The Rise of Shared Leadership in Microchurch Movements

June 3, 2024

The Atlas Factor: Shifting Leadership Onto The Shoulders of Jesus

Since the end of the global pandemic that launched the third decade of the new millennial, church leaders have come face to face with many alarming reports related to trending decline in church attendance. 

Not only are people abandoning church as we’ve known it, but a multitude of pastors are feeling hopeless. Adapt or die has been the common mantra in many conversations regarding the future of the church. Thankfully, amid the current crisis, a reformation of sorts appears to be brewing.

Far from a new thing, we are seeing a renewed thing emerge. Recently in Kansas City, more than 700 people gathered for the second ever Microchurch Conference, presented by a collective of more than 20 established microchurch movements. Attendance was more than twice that of the initial conference, held two years earlier in Gainesville, Florida. Add to that more than 300 online attendees and the number of participants tripled. 

Pastors, scholars, missiologists, denomination leaders, and others widely agree we are not witnessing a fad. Microchurches have been around since the beginning of the church itself, so we can all agree we are not witnessing a new phenomenon. 

A common denominator among seasoned MC leaders is a departure from top-down, command-and-control styles of leadership. Pastors and leaders of these networks are embracing collaborative systems and structures that flow from Jesus as the head of his church and draw from the collective intelligence of the body of Christ for leadership. This is a sharp departure from the solo-heroic styles that marked the most recent decades that gave us the church growth and seeker church movements. Not only are microchurch leaders discovering a new (old) way of leading, but they are also discovering a lighter load and easier yoke in leadership. 

Let’s look at just a few of the ways microchurch leaders are discovering an easier and less weighty way to lead.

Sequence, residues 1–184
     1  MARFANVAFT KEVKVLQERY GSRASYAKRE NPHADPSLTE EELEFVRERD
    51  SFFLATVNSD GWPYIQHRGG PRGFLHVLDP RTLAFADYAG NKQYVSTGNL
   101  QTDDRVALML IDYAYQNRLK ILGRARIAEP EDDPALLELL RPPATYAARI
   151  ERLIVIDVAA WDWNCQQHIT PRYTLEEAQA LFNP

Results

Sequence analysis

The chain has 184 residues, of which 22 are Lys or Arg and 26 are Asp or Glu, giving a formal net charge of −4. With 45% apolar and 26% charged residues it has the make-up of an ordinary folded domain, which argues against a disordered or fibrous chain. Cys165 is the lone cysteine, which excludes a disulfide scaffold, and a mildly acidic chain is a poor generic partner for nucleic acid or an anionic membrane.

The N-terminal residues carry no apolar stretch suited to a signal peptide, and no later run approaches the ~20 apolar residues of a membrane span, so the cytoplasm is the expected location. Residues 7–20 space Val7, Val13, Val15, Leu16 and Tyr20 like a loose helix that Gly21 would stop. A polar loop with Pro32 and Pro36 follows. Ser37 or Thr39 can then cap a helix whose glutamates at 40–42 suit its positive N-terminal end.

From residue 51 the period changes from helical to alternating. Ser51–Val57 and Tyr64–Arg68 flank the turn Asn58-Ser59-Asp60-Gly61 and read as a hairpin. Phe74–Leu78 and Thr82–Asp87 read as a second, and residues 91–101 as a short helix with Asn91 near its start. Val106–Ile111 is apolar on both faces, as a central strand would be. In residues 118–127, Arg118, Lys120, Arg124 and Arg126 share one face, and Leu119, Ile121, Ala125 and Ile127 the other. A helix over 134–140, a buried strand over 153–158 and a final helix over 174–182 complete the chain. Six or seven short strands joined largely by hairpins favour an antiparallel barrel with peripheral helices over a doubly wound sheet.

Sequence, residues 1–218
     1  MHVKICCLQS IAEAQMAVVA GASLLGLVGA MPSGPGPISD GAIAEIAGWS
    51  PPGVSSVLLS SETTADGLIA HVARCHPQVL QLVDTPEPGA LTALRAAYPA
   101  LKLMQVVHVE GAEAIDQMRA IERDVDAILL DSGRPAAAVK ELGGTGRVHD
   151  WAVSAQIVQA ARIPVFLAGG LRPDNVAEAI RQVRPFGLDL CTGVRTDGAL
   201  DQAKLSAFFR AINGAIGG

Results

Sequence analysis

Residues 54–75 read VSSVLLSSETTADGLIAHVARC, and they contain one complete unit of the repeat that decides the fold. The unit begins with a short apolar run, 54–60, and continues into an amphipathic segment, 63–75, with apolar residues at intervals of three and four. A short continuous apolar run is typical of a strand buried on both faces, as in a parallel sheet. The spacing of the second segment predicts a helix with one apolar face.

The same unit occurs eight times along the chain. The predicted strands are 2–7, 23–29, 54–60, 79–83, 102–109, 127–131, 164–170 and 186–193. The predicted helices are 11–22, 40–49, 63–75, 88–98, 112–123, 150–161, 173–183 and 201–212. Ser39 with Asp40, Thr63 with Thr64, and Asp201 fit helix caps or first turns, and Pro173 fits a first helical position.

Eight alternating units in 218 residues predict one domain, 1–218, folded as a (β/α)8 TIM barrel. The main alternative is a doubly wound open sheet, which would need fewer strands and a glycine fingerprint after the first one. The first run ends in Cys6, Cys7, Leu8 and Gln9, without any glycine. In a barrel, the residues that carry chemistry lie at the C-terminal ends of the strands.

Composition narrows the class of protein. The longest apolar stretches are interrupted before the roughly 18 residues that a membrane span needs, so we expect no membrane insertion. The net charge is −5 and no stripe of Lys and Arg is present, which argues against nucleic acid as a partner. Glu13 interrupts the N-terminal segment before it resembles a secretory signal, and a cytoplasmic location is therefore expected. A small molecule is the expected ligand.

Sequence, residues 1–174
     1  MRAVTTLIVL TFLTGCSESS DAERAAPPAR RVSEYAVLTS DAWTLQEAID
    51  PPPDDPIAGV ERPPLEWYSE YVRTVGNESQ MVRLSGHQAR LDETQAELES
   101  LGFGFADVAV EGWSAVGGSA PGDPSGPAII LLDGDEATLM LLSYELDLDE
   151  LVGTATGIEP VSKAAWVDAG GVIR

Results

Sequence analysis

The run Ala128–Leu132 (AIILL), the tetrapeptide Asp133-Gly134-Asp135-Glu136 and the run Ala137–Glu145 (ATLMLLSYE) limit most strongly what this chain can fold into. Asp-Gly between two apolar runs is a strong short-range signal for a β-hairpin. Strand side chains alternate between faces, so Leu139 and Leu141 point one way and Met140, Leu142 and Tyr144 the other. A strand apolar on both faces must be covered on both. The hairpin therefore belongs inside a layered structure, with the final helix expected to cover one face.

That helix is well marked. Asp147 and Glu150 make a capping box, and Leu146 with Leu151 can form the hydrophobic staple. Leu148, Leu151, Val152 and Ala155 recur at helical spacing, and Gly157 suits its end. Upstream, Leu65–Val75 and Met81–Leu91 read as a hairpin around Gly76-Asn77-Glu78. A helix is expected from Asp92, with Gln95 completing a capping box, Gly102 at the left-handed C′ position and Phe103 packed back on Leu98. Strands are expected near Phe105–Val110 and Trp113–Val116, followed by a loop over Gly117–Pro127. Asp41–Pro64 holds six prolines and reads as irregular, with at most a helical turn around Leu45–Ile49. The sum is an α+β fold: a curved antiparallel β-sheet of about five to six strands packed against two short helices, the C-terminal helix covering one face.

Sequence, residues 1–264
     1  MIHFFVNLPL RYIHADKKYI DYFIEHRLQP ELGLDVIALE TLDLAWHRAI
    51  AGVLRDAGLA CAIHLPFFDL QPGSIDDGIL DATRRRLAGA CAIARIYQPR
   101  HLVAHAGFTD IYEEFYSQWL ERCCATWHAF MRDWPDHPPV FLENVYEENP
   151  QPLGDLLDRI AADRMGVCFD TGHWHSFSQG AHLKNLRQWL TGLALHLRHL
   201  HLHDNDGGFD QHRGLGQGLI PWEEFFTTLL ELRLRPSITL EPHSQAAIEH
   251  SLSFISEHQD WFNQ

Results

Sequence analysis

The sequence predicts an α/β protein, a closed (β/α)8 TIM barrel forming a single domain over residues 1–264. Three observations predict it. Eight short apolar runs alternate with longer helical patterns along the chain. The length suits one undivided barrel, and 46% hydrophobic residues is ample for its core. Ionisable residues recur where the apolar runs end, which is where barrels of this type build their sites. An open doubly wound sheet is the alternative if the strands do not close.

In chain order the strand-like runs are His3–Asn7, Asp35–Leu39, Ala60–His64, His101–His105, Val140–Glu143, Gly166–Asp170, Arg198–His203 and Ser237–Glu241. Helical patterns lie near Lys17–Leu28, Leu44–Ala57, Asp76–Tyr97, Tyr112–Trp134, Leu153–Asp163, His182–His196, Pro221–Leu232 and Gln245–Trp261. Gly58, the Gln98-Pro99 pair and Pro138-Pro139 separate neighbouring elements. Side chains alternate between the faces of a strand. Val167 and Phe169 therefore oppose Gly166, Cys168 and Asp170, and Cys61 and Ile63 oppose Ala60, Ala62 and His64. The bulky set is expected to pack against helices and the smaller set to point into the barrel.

Realizing there is only one Atlas.

The prevailing models of solo-heroic pastoral leadership places a lone senior leader at the top of everyone else. His or her burden is to be the best speaker, marriage expert, parenting expert, top theologian, CEO, fundraiser, face of the church … it goes on and on. It is no wonder pastors are burning out and flaming out in a myriad of ways. No one is built to carry the weight that has become the job description of a pastor. Furthermore, we find no such construct from the New Testament. 

The metaphor Paul used often was the church as body — it was not a business. Most of all, the church was never intended to have the structure of the world of business. Jesus is head of the church and the rest of us are the body, with a myriad of functions, just like the parts that make up a human body. The structure that connects the body to its head begins with the Atlas Vertebrae (C1). When a misalignment between the Atlas and the Axis Vertebrae (C2) takes place, we enter a state of paralysis. In other words, we lose the dynamic that is movement

In the realm of chiropractic care, there exists a niche known as “upper-cervical care,” where the focus narrows down to the delicate alignment of the atlas and axis vertebrae. Here, the attention is less on the rest of the spinal column below this critical juncture. Unlike the stereotypical image of chiropractors engaging in vigorous snapping, popping, and cracking maneuvers, these practitioners adhere to a philosophy centered on the belief that by correcting the alignment of the C1 and C2 vertebrae, the rest of the spine will naturally fall into place over time. They maintain that misalignment in this specific area holds the key to impacting the entire nervous system, causing a ripple effect of neurological imbalance throughout the body.